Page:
We’ve known it’s coming since the November 2020 elections, when Oregon voted through Measure 109, for the legalization of psilocybin mushrooms in an adult-use market. Confusion has circulated since that time, with the public unsure of what this allows for. Now, Oregon has released some rules for its magic mushrooms industry, via Psilocybin Services, the division set up to regulate it.
The Oregon rules for magic mushrooms are good in some ways and limiting in others. More rules are due out by the end of the year. This wholly independent news platform specializes in the cannabis and psychedelics fields. To stay current on everything important happening in the cannabis and psychedelics industries, subscribe to The Cannadelics Weekly Newsletter. Also, it’ll get you premium access to deals on cannabis flowers, vapes, edibles, and much more! We’ve also got standout offers on cannabinoids, like HHC-O, Delta 8, Delta 9 THC, Delta-10 THC, THCO, THCV, THCP & HHC, which won’t kill your bank account. Head over to our “Best-of” lists to get these deals, and remember to enjoy responsibly!
Though it was often touted as a medical legalization for psilocybin, when Oregon passed Measure 109 on November 3rd, 2020, what it actually did was legalize the use of psilocybin magic mushrooms for an adult-use market. Called the Psilocybin Mushroom Services Program Initiative, Measure 109 didn’t come with too many specifics apart from that some sort of adult-use market was coming.
In terms of how popular this measure was at the time of the vote, 55.75% of the voting population agreed that this was a good idea, vs 44.25% which voted against it. Considering this is for a psychedelics legalization, which did not exist in the US at all prior to this time, it’s actually a really good showing. Cannabis still loses in some ballot measures despite the growing approval of it, so it says a lot for magic mushrooms, that Measure 109 passed with the majority.
When the measure passed, so little was understood about the final product of it, that voters literally voted for nothing more than a directive to open a program, with the knowledge that in some capacity “clients would be allowed to purchase, possess, and consume psilocybin at a psilocybin service center and under the supervision of a psilocybin service facilitator after undergoing a preparation session.”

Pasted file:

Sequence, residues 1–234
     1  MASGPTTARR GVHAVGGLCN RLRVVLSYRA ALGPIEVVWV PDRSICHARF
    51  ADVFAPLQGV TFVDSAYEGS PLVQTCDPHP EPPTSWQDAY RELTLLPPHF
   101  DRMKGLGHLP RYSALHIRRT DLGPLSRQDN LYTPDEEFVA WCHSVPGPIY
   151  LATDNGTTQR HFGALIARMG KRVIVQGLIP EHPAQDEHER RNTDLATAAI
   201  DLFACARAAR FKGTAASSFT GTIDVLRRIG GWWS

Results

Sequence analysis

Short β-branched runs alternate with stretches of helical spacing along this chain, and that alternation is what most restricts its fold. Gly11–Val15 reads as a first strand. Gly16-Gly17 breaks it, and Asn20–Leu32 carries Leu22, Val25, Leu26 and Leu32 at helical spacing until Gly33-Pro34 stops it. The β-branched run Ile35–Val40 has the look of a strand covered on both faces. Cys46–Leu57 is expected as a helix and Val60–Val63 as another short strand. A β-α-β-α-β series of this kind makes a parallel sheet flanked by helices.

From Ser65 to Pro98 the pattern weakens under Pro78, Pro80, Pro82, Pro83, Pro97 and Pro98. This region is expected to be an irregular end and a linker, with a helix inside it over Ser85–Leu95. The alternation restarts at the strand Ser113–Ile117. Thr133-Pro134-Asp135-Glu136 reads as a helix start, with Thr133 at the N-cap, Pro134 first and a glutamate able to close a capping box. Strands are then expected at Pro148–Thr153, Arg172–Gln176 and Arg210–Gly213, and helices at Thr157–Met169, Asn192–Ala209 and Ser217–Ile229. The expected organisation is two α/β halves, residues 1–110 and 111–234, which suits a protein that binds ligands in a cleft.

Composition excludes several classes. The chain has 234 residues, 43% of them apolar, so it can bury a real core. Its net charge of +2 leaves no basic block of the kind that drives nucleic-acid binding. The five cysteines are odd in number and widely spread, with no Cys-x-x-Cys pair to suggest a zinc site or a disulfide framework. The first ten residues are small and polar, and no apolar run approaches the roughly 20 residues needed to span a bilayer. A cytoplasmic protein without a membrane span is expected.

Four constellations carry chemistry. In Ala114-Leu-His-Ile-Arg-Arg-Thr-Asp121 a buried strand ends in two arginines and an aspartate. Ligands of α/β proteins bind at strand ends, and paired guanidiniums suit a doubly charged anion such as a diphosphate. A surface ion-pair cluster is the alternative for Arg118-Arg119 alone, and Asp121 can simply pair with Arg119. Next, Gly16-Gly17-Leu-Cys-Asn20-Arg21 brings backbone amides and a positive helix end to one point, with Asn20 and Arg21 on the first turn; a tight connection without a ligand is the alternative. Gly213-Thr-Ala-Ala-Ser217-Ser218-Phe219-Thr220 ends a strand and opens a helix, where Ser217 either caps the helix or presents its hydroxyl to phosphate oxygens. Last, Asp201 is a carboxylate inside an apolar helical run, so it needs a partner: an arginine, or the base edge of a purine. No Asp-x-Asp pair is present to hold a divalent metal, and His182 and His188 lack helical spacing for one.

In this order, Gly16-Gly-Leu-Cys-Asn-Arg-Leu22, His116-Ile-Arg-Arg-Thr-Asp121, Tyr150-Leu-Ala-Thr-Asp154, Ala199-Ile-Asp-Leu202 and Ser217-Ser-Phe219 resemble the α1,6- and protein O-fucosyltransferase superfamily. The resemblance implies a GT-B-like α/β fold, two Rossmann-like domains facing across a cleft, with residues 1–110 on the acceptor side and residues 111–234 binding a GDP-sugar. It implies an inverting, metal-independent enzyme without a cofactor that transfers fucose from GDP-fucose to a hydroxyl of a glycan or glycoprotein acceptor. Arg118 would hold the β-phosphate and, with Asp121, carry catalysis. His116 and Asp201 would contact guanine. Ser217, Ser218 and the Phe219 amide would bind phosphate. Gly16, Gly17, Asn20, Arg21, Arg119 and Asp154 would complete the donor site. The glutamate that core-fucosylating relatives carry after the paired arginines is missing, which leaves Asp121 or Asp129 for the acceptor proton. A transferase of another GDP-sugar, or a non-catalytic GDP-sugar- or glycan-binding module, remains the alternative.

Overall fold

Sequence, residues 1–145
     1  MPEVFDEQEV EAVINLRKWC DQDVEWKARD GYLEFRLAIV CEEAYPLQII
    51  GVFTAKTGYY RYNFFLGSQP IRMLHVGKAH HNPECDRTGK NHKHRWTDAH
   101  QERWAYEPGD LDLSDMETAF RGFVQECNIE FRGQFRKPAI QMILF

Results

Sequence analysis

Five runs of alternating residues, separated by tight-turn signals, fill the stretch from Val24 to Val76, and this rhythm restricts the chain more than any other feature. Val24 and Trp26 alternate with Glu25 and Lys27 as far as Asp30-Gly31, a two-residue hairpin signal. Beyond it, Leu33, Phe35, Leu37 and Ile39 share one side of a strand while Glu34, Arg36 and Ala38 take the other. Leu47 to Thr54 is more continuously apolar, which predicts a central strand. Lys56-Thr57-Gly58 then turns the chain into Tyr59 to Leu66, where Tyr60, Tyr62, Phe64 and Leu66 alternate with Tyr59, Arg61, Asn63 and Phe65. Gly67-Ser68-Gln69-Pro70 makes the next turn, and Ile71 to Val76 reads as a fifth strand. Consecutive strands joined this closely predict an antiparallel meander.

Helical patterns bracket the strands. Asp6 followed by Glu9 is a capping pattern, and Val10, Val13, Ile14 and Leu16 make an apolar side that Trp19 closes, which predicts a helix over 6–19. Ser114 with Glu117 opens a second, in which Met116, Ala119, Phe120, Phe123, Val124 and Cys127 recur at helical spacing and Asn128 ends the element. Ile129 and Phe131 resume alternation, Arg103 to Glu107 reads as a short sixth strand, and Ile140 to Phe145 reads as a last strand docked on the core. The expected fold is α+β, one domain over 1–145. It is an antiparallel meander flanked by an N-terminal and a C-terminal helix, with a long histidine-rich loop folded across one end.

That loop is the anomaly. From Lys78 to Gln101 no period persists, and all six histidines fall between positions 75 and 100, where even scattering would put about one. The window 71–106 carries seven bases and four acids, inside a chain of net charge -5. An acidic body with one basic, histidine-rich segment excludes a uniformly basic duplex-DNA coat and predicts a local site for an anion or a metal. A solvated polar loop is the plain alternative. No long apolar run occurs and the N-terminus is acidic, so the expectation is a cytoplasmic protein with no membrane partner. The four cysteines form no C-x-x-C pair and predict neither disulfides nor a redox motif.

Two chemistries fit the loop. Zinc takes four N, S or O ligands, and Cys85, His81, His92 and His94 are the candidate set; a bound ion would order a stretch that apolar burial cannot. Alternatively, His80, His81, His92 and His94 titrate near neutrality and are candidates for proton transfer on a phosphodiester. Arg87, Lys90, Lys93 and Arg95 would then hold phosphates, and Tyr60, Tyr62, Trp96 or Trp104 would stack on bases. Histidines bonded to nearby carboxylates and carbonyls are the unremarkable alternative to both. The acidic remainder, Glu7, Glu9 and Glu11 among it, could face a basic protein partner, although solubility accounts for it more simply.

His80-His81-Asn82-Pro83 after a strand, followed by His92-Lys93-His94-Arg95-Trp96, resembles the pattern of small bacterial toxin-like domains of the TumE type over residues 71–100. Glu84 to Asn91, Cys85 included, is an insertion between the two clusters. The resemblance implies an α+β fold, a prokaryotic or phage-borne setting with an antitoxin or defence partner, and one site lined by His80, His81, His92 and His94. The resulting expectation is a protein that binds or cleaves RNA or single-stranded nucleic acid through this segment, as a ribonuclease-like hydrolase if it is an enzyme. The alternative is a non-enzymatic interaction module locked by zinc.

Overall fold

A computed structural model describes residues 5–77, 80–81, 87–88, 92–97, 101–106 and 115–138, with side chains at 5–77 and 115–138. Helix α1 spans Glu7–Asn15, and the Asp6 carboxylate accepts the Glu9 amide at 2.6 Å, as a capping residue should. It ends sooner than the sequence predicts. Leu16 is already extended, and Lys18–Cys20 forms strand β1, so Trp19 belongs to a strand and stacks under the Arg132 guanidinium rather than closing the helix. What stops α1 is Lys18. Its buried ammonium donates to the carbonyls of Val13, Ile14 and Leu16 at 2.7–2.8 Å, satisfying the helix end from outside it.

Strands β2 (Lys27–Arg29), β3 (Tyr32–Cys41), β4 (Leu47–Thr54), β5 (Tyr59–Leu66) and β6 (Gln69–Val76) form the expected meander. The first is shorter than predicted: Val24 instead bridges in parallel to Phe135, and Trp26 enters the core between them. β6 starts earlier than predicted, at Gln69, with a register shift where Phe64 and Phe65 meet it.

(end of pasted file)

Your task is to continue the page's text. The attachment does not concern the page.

However, at that time, it was unclear who would get the pass to use this service, who wouldn’t, and what requirements would exist for use. What was made clear, but somewhat ignored in the confusion that followed, is that the one thing that wouldn’t be required, is a diagnosis from a doctor. This, making whatever requirements that are attached in the end, at the very least, non-medical.
Measure 109 was the first of its sort to pass in the US, but it’s already being followed up by several states looking to pass some kind of recreational psychedelics legalization measure. These include, Michigan, California, Washington, and Colorado. Many individual locations in the US have already passed decriminalization measures, like Detroit, Seattle, and Denver, just to name a few.
Oregon Psilocybin Services releases rules for magic mushrooms
A few months ago, Oregon released some draft rules for its magic mushrooms legalization, which made clear that this was a recreational legalization. These included requirements for heavy metal testing, regulation about what pesticides could be used, and a host of other growing and production guidelines. It even stated that while tons of different psilocybin mushrooms exist, that only Psilocybe cubensis would be legal for use. The draft opened up many questions, and we’ve been waiting for Oregon to release finalized rules on its upcoming magic mushrooms industry.
On Friday, May 27th, the Oregon Health Authority via Oregon Psilocybin Services, released some official rules to regulate this new magic mushrooms market. What was released does not cover all aspects of the market, and instead acts as a preliminary set of guidelines, to be followed by the rest of the regulatory laws in the fall. It’s expected that more rules will be approved by December 31st of this year, and that the new program will go into effect on January 23rd, 2023.
One of the main stipulations released at this time, is a confirmation of the pesky issued mentioned above, that only one type of mushroom is approved for use, Psilocybe cubensis. This was a point much debated after the initial draft mentioned it, but despite many requests to open the spectrum further for more kinds of mushrooms, Oregon Psilocybin Services stated the following in a letter to the public:
“In some cases, public comments were incorporated in the adopted rules and in others they were not. OPS weighed competing priorities and viewpoints that were received throughout the rulemaking process when making revisions, while considering equity, public health and safety.” In terms of that only-one-type-of-mushroom issue, it said: